One of the top comedies playing in theaters in 1969 was a gentle farce named ‘If it’s Tuesday, This Must Be Belgium’. The story followed a group of American tourists on an 18 day bus tour through 7 European countries. With a new country, customs, language and currency every other day, the misadventures piled up. The more the tourists were away from the friendly confines of their native land the more they yearned to change Europe to be more like home.
Have you ever travelled through an organization that tried to present something new and different seemingly every over day? Or one where every few years, a new Vision or Mission Statement is created? 2010 was ‘Green’ and 2011 was ‘Lean’. Monday focused on aggressive sales and Tuesday highlighted customer service. And on top of everything else, the management style was the flavor of the week.
Is this ADD-style leadership normal? No, but it is far too common. Is it effective? Yes, if you are trying to create a dysfunctional work environment.
When a new system is brought in, leadership often expects immediate (or at least quick) results. In the real world that seldom happens. With the pressure to maintain production, management can sometimes impede leadership’s change plans. Frequent change also damages the credibility of leadership. This alienates the workforce, prevents buy-in, and causes the newly proposed changes to fail.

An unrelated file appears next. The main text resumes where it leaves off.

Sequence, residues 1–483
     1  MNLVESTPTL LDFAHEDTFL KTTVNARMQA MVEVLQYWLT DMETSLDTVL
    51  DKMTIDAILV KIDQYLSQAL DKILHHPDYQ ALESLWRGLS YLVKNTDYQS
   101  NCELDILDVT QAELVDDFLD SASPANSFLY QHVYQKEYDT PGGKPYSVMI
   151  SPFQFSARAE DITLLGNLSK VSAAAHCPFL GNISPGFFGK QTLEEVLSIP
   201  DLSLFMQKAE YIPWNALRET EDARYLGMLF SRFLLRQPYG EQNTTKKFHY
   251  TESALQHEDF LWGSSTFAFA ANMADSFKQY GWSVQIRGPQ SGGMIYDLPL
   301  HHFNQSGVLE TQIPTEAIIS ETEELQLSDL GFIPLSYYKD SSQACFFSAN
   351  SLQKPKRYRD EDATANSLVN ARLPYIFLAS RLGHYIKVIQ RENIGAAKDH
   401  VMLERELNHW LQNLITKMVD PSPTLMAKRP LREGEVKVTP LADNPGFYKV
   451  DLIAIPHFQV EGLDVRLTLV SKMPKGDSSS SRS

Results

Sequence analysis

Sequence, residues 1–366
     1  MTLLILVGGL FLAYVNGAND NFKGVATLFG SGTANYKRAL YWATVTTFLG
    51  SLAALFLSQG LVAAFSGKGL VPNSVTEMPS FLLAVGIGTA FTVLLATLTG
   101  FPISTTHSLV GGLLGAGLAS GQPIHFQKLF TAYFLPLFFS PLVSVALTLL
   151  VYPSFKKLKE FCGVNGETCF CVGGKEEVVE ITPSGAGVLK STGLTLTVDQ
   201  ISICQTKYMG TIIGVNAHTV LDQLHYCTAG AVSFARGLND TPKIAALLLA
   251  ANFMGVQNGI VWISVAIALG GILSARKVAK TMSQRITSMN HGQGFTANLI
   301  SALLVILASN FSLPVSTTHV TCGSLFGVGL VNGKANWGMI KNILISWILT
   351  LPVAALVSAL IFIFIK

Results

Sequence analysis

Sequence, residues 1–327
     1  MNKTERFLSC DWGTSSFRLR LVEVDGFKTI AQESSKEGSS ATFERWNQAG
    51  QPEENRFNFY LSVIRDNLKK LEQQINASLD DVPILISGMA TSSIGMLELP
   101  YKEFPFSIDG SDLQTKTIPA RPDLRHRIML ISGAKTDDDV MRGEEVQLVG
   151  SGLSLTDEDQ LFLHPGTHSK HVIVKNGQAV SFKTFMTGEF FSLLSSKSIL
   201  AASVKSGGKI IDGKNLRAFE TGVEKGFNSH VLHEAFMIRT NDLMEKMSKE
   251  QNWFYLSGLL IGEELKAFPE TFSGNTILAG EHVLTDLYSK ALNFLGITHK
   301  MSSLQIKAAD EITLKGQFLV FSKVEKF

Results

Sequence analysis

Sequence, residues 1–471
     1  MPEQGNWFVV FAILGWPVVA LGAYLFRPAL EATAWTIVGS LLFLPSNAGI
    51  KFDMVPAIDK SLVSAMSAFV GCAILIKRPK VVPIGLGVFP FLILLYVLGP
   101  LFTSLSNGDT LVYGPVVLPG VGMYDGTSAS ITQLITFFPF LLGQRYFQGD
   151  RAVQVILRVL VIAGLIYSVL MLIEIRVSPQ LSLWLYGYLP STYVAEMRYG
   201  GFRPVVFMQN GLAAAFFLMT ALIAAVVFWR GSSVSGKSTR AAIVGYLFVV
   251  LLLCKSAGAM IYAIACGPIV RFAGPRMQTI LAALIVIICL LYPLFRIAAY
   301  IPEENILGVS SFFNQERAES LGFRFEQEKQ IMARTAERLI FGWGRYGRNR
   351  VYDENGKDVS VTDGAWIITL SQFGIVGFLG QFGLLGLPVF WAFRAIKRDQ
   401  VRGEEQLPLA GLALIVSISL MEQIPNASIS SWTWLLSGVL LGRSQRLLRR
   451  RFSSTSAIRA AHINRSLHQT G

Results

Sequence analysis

The cycle of on-going change has to be smashed before it can be rebuilt. Thus it can be summarized with one question.
How does one deal with change in order to generate the essential buy-in?
The quick response to all this is, “we need more training”. But that is a two edged sword. More training may be part of the problem. It takes the right training to put things back on track.
Most management books / systems / seminars and training provide some excellent ideas. But some tend to be very generic which often does not meet every need. Others are overly complex which may bog things down with needless steps, phases and costs. And none of this creates any sort of buy in.
The right training is one that utilizes experienced, objective eyes to analyze each unique situation and provide training customized for the organization. The right training aligns all the relevant levels of the organization towards a workable and sustainable system-wide plan. And most of all, the right training has an astute understanding that how the changes are presented can have a bigger impact than the actual changes themselves.
And just like in travelling to a foreign world, change can be a stressful, nerve-wracking experience… or it can be a wonderfully rewarding transformation.
By: Ed Wildeman